This was my least favorite of all the films I saw at Sundance, even though I enjoyed it to an extent. find it funny that for a film called Motherhood, the film at Sundance that dealt with the meaning with much more intelligence was the horror film, Grace. Motherhood is very much a one note film. It is a decent movie that has a very hectic tone that works with the situation to a certain extent, but ultimately holds the film back. It is just about a mother who has a million things to do and no time, including writing a submission on what motherhood means to her to be a blogger and get back in to writing. There is a certain amount of humor in how hectic and overwhelming things are, but is played up for most of the movie and the joke doesn’t stay fresh through all of this time. The film does have its’ funny moments, particularly when Eliza is at the store getting things for her daughters party. It shows retail hell and how aggravating people can be at the worst times. It doesn’t help though that the most interesting character in the film is only onscreen for a matter of minutes. think for those who are mothers will probably be able to enjoy this movie more than those who aren’t, just for that relating quality, being able to compare it to moments in their own lives where things became this hectic. I found it amusing and I did feel for Eliza to an extent, wanting her to be a good mother as well as do something for herself. One of the biggest problems that Eliza’s big triumph seemed so miniscule. She was a published and respected author. Basically writing a journal about little parts of her day didn’t seem to be too rewarding and the conclusion ended up feeling weak.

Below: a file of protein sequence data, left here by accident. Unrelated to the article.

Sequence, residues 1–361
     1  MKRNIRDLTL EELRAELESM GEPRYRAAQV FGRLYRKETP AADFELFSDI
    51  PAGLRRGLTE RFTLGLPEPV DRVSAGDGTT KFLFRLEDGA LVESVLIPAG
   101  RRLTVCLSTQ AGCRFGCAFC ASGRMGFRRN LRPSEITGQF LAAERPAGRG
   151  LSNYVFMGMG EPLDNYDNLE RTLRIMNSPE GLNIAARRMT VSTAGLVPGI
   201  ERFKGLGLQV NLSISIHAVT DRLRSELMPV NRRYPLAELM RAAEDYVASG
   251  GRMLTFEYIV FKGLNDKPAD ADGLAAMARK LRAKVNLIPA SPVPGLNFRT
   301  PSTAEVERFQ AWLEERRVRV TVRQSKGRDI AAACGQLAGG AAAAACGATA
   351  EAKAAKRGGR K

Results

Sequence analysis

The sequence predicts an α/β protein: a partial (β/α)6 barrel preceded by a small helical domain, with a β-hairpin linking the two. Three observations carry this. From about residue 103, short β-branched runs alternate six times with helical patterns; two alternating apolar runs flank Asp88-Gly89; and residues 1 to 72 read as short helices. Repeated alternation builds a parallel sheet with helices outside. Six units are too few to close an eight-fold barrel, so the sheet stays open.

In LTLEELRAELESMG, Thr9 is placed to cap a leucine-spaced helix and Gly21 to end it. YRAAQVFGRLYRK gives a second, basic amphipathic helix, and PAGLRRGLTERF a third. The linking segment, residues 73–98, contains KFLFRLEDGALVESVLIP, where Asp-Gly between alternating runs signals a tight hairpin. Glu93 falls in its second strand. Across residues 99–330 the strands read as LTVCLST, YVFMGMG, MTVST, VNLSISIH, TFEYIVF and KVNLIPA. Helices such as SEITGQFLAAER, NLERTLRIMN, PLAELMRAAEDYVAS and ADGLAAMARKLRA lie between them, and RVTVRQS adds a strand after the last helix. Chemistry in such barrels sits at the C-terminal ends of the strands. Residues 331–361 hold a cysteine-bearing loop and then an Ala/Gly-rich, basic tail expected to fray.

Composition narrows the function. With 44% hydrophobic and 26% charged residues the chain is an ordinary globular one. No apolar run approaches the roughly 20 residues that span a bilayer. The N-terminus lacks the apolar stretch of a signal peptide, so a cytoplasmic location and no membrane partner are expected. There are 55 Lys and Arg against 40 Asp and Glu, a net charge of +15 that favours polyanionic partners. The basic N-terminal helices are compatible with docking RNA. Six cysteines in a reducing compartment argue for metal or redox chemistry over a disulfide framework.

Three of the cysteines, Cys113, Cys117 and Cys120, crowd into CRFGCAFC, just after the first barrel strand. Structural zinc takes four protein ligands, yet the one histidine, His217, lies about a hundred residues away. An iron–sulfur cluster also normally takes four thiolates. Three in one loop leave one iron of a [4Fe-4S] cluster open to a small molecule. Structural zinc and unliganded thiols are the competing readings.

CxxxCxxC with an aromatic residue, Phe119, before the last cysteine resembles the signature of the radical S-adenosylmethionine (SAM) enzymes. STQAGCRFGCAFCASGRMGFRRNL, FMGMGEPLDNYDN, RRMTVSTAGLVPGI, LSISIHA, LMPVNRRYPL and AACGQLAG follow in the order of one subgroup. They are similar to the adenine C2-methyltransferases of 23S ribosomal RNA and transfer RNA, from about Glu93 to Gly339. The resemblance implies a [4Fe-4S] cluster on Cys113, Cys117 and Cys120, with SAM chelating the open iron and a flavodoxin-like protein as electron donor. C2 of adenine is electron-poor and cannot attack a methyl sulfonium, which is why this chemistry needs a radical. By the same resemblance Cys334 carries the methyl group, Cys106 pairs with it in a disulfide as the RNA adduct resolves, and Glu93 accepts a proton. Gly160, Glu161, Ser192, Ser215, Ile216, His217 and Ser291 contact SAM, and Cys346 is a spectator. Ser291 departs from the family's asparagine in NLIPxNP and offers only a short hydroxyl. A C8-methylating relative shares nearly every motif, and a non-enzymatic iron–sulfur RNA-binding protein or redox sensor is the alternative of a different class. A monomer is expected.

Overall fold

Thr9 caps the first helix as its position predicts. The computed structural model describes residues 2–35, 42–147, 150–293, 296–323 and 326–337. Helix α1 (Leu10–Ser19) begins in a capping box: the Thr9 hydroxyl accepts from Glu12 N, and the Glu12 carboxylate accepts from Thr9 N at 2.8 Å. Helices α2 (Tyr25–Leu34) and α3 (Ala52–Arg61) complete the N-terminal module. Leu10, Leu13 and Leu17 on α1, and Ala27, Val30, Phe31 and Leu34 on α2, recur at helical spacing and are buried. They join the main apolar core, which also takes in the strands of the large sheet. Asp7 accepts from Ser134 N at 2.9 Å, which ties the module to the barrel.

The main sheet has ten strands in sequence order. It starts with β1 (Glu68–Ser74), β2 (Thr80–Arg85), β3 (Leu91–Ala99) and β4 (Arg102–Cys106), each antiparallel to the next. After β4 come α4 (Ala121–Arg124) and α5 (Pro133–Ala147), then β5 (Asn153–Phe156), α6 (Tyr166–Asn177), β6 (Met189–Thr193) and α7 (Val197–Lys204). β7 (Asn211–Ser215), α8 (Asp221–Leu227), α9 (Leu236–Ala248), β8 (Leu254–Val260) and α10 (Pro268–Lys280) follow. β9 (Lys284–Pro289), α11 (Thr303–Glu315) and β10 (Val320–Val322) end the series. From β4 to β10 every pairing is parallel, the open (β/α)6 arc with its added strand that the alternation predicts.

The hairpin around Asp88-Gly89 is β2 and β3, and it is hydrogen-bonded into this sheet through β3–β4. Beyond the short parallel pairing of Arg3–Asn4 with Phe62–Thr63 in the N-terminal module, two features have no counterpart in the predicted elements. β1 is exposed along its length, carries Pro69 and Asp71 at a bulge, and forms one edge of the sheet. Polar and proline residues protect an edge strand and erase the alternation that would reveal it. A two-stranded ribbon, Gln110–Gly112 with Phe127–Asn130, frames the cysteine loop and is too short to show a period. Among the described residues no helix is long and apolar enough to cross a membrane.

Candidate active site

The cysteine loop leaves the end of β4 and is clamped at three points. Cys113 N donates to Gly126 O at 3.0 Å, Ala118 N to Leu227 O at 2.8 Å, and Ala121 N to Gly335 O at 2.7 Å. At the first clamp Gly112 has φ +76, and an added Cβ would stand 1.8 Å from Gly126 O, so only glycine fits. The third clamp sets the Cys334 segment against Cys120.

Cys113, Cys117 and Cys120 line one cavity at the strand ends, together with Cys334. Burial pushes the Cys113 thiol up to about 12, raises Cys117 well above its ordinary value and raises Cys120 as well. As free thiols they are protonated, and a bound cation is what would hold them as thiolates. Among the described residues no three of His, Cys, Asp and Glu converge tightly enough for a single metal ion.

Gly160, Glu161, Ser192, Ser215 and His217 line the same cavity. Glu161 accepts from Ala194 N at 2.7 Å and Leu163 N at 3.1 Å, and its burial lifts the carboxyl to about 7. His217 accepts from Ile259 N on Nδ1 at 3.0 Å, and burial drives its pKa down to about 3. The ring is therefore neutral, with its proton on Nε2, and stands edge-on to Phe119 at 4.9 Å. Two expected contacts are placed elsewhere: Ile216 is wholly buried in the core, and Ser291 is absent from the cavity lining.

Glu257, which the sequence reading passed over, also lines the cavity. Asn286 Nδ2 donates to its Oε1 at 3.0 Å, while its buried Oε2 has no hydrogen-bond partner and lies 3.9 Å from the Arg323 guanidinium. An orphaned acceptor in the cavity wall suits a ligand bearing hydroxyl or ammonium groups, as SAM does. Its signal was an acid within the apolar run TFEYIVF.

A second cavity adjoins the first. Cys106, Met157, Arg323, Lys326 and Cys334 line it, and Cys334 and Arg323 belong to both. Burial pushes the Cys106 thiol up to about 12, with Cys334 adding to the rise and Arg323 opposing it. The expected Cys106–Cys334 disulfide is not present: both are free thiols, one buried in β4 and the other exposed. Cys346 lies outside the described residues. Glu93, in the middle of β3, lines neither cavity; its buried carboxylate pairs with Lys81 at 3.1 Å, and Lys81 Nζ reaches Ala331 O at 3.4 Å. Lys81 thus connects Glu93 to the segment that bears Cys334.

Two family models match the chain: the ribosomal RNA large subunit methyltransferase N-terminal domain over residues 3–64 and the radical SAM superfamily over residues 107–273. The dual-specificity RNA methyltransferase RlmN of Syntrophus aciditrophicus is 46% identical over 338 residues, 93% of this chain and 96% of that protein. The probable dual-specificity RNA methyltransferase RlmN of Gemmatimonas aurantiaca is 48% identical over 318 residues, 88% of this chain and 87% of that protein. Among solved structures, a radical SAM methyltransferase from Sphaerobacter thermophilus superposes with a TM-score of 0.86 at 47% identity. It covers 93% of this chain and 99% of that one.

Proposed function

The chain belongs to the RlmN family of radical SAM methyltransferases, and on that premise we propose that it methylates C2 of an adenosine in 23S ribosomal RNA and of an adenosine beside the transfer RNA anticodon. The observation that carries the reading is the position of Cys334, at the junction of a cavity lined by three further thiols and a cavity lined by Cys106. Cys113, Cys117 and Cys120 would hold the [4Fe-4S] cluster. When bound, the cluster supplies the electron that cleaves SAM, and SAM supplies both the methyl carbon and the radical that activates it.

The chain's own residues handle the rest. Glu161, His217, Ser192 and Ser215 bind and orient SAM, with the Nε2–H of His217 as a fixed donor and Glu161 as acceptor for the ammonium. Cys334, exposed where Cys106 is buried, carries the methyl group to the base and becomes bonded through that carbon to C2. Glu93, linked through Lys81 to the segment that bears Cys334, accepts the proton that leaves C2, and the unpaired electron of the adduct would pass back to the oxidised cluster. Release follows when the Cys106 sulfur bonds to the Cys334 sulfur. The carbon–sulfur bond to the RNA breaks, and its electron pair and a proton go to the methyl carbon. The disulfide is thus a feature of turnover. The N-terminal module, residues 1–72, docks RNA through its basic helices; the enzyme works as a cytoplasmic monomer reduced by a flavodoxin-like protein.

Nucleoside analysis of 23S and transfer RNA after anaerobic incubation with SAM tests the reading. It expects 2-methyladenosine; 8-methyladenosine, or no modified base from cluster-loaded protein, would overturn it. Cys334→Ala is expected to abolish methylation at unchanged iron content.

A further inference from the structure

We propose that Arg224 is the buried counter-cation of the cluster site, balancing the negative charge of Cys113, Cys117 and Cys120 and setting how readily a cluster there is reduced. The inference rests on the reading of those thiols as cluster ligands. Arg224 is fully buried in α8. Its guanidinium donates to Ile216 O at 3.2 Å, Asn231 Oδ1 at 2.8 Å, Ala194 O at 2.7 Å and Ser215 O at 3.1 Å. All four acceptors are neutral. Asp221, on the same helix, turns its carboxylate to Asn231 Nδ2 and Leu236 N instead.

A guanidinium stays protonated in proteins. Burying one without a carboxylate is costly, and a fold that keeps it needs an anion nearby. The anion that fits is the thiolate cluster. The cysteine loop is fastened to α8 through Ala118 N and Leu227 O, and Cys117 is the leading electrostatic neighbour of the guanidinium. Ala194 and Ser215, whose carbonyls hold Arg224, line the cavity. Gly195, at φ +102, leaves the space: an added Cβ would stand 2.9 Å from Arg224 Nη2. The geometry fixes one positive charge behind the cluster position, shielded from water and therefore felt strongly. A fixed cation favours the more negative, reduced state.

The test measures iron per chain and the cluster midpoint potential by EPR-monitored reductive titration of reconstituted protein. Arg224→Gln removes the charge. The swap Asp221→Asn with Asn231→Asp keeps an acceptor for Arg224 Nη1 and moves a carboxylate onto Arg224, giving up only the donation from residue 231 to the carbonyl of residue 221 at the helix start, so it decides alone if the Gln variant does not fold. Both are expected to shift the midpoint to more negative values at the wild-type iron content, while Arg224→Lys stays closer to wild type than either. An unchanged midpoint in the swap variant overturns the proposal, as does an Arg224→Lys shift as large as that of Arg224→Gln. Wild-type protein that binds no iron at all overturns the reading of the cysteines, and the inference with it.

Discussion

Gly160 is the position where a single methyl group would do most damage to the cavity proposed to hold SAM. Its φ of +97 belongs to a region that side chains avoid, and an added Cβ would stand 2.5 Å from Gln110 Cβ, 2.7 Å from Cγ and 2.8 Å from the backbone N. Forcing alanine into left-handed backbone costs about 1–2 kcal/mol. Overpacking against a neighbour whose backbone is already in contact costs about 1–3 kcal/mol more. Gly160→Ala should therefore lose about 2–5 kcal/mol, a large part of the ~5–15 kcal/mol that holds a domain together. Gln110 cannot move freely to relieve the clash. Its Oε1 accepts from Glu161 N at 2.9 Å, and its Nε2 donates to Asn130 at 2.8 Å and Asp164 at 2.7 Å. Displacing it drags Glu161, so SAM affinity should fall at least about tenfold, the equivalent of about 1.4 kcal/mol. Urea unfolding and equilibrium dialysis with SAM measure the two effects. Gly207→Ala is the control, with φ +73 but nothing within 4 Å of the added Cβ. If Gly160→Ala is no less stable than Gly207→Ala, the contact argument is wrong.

The Messenger is a war story where we actually don’t see any combat. It centers on a terrifying aspect that still deals with the death of soldiers. It shows us after soldiers have died in combat, what it is like for those who have to break the news to the families of the now deceased. It depicts the hardships in this for both sides as well as the decency that you must treat people with despite what your orders are. The film really hits on the need for emotion and decency to all humankind. When you are in the army you are trained to be an emotionless, killing machine. When you are always surrounded by so much death, loss, and suffering you can only do that for so long. Our main character gets to a point where he can’t stand treating people like they aren’t people anymore. The Messenger deals with some essential themes of military films, but it doesn’t define itself by them. It is character driven and an examination of relationships in a lonely and solemn environment.
Amy Poehler, Rachel Dratch, and Parker Posey are hilarious as the very loveably dorky best friends who take a trip in to college parties to make sure Senator Hartman’s (Jane Lynch) party daughter (played by Amber Tamblyn) who is secretly just as dorky as they are, doesn’t get her any bad press. Amongst everything they are become party girls themselves. There is a lot of creativity with the level of dorkiness in these characters that makes them completely loveable. Seeing them as such opposites through moments during the film is like a very entertaining experiment with no idea of where things are going to go next. There are two talent shows that are priceless and overall there is a lot of great comedy just through obscure situations.
Also, there are a few I didn't get a chance to see, but only have the highest hopes for. You should be on the lookout for Sin Nombre, Adventureland, and An Education to name a few.